“The referees did not hear the shot clock. When they put the ball in play the play was no longer review-able…it is really unfortunate to the players,” Lynx coach Cheryl Reeve said during the post-game press conference before shouting, “it is not enough to apologize and send out a memo that they got something wrong…just get the simple things right.”

The next day the WNBA sent out a memo apologizing for the missed call.

5. Kanye West takes St. Pablo Tour to St. Paul, before canceling

Kanye West on stage at Xcel Energy Center in St. Paul, Minnesota on his St. Pablo Tour (photo: Gino Terrell).
Kanye West on stage at Xcel Energy Center in St. Paul, Minnesota on his St. Pablo Tour Oct. 10 (photo: Gino Terrell).

Hip-hop icon Kanye West performed in Minnesota for the first time since 2007. He floated on a platform over the audience, handcuffed to his microphone and wired on a harness. Performing tracks on his latest album, he made it a night well worth the wait for his fans.

The appearance came a week after he had canceled shows in New York after his wife Kim Kardashian was robbed.

Minnesota made perfect timing because a month later he canceled the rest of his tour due to exhaustion.

4. Minnesota Vikings $1.1 billion multipurpose field US Bank Stadium opens

US Bank Stadium is now the new home for the Minnesota Vikings in Minneapolis (photo: Gino Terrell).
US Bank Stadium is now the new home for the Minnesota Vikings in Minneapolis (photo: Gino Terrell).

US Bank Stadium hosted a soccer match, music concerts and of course all Vikings home games in 2016.

With the Vikings 5-0 start it almost seemed this site would host a playoff game. However, the Vikings fell to having a non-winning season, which eliminated them from playoff contention. If Vikings don’t get a home playoff game next year, they will just have to sit back and watch next year’s Super Bowl LII contestants compete in the first playoff game in the $1.1 billion glass covered stadium.

Tour US Bank Stadium with tltDesigns personality Tawana Terrell.

3. Prince dies at age 57

The recording studio where Prince recorded many records and held private get-togethers is where Prince was found dead at age 57 in Chanhassen, Minnesota (photo: Gino Terrell).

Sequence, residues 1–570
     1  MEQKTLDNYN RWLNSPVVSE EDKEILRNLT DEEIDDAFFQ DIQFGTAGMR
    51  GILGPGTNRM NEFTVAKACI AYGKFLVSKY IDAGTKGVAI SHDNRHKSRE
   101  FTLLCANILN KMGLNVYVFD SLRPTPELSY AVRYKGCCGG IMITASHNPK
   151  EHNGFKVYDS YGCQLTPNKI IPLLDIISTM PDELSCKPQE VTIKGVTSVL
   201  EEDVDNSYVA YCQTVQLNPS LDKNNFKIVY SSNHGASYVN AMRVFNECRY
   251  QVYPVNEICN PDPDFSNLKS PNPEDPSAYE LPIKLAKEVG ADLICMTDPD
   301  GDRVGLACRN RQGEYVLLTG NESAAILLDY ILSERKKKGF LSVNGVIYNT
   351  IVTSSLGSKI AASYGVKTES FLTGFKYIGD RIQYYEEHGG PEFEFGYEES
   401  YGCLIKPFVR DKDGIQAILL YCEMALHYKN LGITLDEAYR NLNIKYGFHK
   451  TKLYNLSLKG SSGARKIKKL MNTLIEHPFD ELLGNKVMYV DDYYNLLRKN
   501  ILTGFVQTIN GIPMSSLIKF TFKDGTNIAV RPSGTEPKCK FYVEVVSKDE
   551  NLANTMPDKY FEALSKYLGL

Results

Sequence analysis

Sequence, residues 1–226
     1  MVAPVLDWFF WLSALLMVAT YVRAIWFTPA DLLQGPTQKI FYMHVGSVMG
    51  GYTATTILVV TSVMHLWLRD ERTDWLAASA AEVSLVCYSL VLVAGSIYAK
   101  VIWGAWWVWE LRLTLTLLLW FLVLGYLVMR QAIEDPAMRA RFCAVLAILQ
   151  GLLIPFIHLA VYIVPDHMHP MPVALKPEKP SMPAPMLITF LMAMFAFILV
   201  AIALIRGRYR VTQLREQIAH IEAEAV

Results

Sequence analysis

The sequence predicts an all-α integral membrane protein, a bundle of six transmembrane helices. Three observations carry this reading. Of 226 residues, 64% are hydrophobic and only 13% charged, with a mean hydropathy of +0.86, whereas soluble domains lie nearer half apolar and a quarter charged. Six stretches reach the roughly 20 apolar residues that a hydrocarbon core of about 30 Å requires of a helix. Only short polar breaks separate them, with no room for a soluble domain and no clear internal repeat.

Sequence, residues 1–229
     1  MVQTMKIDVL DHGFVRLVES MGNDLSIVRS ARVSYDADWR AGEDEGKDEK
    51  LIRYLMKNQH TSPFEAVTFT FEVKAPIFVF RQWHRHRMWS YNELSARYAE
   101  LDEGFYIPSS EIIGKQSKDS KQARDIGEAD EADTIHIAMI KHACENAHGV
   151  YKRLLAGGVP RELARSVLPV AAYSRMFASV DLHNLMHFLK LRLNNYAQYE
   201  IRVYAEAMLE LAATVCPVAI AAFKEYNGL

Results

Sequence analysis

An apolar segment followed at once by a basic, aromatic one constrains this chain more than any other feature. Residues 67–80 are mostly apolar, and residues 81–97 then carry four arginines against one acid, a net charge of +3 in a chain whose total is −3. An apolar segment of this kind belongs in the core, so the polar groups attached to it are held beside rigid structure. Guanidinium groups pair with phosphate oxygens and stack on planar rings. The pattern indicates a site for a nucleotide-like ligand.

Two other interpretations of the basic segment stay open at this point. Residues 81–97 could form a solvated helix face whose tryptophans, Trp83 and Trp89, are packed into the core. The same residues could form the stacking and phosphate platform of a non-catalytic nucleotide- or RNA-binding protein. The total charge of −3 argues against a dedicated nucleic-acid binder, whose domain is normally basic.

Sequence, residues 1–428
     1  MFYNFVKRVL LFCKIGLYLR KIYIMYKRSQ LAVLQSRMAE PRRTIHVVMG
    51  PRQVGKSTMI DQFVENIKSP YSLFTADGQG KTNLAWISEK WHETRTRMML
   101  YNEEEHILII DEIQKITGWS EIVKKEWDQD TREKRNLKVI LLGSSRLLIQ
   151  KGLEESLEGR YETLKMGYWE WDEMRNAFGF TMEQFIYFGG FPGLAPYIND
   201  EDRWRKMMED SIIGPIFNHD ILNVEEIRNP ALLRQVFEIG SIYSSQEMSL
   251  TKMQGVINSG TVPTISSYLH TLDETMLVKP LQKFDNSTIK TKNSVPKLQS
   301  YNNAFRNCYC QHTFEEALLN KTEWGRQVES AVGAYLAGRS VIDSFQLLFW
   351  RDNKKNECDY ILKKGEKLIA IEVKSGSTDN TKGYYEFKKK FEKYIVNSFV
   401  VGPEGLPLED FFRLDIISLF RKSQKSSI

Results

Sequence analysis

Paisley Park, the recording studio where Prince recorded many records and held private get-togethers, is where Prince was found dead at age 57 in Chanhassen, Minnesota (photo: Gino Terrell).

Minnesota legend Prince passed away in his recording studio Paisley Park in Chanhassen, Minnesota, April 21.

When the news broke across Minnesota there was shock and radio stations dedicating hours of playing music in honor of the legend, including MPR’s The Current. That night many gathered around Paisley Park and First Avenue in Minneapolis to pay their respects.

One of the most serendipitous things to ever happen was the purple rain throughout the state. It rained the day of his death and next to Paisley Park there was a rainbow.

2. Philando Castile fatally shot by police officer sparks Black Lives Matter Protests

Protesters outside the governor's mansion in July camp and spray signs for social justice awareness and in honor of Philando Castile (photo: Gino Terrell).
Protesters outside the governor’s mansion, in July, camp out and spray signs for social justice awareness in honor of Philando Castile (photo: Gino Terrell).

School teacher Philando Castile, 32, was shot and killed by a St. Anthony police officer, July 6, at a traffic stop in Falcon Heights. The entire aftermath was livestreamed online by his girlfriend.

Throughout the Twin Cities protest organized by Black Lives Matter and other groups occurred in attempt to put an end to police involved shooting. For weeks people protested right outside the governor’s mansion. Governor Mark Dayton of Minnesota said in a press conference if Castile were white he would have not been killed.

“Would this have happened if those passengers, the driver were white?” Dayton asked. “I don’t think it would have.”

The shooter Jeronimo Yanez was charged with manslaughter. The first officer charged in over 150 police-involved shootings in Minnesota this millennium.

1. Minnesota pays tribute to Prince

This 40-foot mural of Prince in Chanhassen, Minnesota, was painted by New Zealand artist Graham Hoete (photo: Gino Terrell).
This 40-foot mural of Prince in Chanhassen, Minnesota, was painted by New Zealand artist Graham Hoete (photo: Gino Terrell).

With two proclamations for a Prince Day, one coming from Governor Dayton on Prince’s birthday, June 7, and the other from St. Paul Mayor Chris Coleman on Oct. 13, Minnesota continued to celebrate his legacy.

After his death, many fans gathered and some even traveled to Minnesota to deck the gates of Paisley Park with fan art. The weekend following his death Target Field, home of the Minnesota Twins, played Prince debut movie Purple Rain (1984) on the big screens. For months fan artwork hung right outside Paisley Park through Oct., when it was decided to turn Paisley Park into a museum. Today, fans can tour the inside of Paisley Park.

Venues such as First Avenue, where most of Purple Rain took place, was the host site for a three-day concert where Prince’s band The Revolution reunited to perform in honor of Prince. Oct. 13 is when Stevie Wonder, Chaka Khan, Morris Day and Jerome Benton all performed to pay homage to Prince at the Xcel Energy Center.

Athletics events around Minnesota played Prince’s hit “Lets Go Crazy” and during halftime of the Minnesota Vikings home opener at US Bank Stadium their was a special tribute to Prince.

To forever immortalize the legend a piano at the Twin Cities Premium Outlet Mall was painted in purple decked with white doves and lyrics from his famous hits. Other things such as a mural for Prince began popping up throughout the state as well.

When the living legend passed, 2016 became the year the legend would be forever immortalized in his hometown.

By Gino Terrell

This article was originally published in MCXV, December 31, 2016.